I went to Sears recently to buy a pair of shoes for my daughter, not knowing that paying for them would turn into a math lesson for the entire family.
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I paid for the $20 shoes (on sale from the original price of $30) with a credit card, and was told by the cashier that the price would drop to $6 if I opened a Sears credit card on the spot. I'm usually happy to get 70% off, but I declined for a few reasons -- the main one being that I wanted to get out of the store quickly after finding the shoes.
I also didn't want to get stuck with a store credit card that would be another thing to keep track of and pay off each month, even if the initial deal was as eye-popping as it was. Store-branded credit cards, I've learned, are things to be wary of. Many of them.
Limitations of store credit cards
For starters, I can only use the store credit card at that store. We had a Kohl's store credit card a year or so ago, and it offered all sorts of discounts for the constant and confusing sales Kohl's is known for. It also charged a hefty late fee when we didn't make a payment in time, and going to the store to pay it wasn't a fun outing. I don't remember what the charge card's interest rate was, but I remember it was more than we pay with our regular credit card -- which is accepted by most stores.
Department store credit cards are often pushed at the cash register -- not a place to make such an important financial decision and definitely not a credit move to make on an impulse. Who wants to be bothered with such forms with a line of shoppers lined up behind them?
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I also like to comparison shop when I can -- usually online -- so having a credit card that can be used everywhere makes more sense than being tied to one store with its card. However, if we were buying thousands of dollars in furniture and appliances in one trip, the Sears card discount would be worthwhile. And then I'd cancel the card after paying it off.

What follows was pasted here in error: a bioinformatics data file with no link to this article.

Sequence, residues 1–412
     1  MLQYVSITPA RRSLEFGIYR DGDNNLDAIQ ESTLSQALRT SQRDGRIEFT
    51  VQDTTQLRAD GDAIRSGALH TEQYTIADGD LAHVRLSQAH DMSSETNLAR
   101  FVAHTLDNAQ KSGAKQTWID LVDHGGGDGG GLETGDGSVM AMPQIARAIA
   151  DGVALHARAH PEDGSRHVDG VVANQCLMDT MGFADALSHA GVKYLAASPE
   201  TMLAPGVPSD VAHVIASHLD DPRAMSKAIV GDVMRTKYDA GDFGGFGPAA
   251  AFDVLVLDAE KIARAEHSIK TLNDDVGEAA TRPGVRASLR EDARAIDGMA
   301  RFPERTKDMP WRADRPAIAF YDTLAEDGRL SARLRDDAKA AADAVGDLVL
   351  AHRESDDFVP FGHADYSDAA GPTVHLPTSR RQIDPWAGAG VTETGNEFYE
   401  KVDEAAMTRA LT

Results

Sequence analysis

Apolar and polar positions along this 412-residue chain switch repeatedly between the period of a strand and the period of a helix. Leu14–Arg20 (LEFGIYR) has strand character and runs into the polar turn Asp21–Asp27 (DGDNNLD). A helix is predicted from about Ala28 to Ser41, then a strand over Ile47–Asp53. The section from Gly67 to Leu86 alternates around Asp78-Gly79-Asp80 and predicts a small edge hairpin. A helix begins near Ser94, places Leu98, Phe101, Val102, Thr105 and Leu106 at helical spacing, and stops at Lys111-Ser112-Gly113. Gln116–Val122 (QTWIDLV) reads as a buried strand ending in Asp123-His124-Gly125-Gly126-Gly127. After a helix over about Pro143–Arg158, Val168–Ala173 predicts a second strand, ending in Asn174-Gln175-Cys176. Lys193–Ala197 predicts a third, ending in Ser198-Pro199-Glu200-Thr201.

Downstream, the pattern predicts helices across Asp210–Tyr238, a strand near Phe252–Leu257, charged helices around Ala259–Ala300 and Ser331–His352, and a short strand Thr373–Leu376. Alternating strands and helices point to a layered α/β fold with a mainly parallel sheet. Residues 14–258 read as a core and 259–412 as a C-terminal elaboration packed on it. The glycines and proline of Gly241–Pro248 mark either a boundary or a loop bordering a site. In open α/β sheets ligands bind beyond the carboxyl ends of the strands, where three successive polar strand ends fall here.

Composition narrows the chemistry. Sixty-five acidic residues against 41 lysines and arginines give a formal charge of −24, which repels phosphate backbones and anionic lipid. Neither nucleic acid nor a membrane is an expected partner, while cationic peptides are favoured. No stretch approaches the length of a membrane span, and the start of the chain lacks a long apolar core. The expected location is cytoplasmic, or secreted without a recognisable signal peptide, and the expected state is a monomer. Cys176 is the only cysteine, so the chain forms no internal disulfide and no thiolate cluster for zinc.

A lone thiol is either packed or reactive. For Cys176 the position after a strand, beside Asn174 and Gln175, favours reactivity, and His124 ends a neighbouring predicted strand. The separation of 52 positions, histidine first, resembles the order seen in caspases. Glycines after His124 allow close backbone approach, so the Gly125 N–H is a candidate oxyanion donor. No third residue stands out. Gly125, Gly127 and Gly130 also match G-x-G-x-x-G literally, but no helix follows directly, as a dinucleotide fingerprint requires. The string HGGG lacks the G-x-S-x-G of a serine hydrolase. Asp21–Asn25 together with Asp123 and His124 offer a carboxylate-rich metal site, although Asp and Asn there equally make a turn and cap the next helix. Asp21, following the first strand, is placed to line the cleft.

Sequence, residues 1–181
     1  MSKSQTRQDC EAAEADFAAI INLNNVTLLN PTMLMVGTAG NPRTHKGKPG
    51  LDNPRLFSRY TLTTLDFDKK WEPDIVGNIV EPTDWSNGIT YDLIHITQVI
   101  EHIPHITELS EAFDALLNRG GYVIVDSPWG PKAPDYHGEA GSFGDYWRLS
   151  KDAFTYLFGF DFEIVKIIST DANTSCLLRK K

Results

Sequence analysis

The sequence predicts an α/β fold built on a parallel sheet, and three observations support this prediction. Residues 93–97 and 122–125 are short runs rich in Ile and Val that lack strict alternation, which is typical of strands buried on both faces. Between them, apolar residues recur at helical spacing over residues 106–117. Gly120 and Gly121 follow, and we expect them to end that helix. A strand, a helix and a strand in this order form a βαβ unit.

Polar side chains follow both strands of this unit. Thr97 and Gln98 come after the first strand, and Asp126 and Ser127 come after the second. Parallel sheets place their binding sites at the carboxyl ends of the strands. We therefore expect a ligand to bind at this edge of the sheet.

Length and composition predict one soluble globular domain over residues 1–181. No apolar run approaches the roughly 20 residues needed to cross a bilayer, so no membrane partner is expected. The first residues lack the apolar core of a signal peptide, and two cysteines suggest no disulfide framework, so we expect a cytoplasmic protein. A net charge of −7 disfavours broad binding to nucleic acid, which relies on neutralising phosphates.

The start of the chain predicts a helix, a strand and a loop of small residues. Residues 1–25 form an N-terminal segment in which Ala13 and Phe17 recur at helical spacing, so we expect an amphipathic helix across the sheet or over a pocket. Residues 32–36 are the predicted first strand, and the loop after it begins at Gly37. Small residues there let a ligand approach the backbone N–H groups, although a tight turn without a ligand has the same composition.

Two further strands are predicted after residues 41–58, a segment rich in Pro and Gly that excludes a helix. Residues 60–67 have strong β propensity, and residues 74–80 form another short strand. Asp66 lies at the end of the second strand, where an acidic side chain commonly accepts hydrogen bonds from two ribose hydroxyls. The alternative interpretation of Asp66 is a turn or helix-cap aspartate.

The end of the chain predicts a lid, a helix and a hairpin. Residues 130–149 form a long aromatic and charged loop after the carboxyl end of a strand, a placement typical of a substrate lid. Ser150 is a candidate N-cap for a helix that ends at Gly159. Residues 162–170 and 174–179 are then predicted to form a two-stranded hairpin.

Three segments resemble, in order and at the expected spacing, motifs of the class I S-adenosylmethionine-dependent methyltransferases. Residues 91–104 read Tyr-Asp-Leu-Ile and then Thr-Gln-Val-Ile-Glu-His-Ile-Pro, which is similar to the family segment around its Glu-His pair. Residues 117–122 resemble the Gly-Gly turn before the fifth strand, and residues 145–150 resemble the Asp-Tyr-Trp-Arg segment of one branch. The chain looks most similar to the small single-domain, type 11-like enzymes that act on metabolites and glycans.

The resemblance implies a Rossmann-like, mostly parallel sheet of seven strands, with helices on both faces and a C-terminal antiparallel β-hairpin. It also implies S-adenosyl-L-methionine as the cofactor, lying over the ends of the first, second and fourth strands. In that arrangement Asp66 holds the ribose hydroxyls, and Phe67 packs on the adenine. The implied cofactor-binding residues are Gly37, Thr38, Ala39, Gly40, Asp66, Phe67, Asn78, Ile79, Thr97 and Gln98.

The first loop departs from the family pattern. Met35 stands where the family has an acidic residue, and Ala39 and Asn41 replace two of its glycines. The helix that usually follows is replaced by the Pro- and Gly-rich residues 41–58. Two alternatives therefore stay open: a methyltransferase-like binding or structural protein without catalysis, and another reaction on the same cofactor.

These cards are financed through the store company itself, and shouldn't be confused with co-branded cards that are usually backed by a major bank -- although these are another type of store credit card to avoid unless you shop there a lot.
Review: Toys"R"Us rewards card
Toys "R" Us teamed up with Chase for its new branded rewards credit card as a way to attract more loyal shoppers to the "R" Us brand this summer.
The Toys"R"Us & Babies"R"Us MasterCard from Chase gives more reward points (four per dollar spent) for things bought at Toys "R" Us and Babies "R" Us than at other stores (one point per dollar spent). That's typical of such cards, which could be a good deal in this case if you're buying a lot of toys and baby gear every year.
The Toys"R"Us card also gives a certificate for $10 off for every 1,000 points earned, up to three per month. In other words, if you spend $750 a month for toys and baby supplies there, you can get 3,000 points, which converts to $30 off future purchases. Big deal.
But even if you do shop at Toys"R"Us a lot, and the credit card can be used at other stores, the store's card may not be the best deal out there.
You may be better off with a rewards credit card that gives you more than 1% back on all purchases, or at least a better payback on something you're more likely to use often.
That new barbecue grill and lawn furniture set is looking tempting at Sears, but I still don't think I'll be going for the store's credit card discount.
The original article can be found at MoneyBlueBook.com:
Branded credit card? No thanks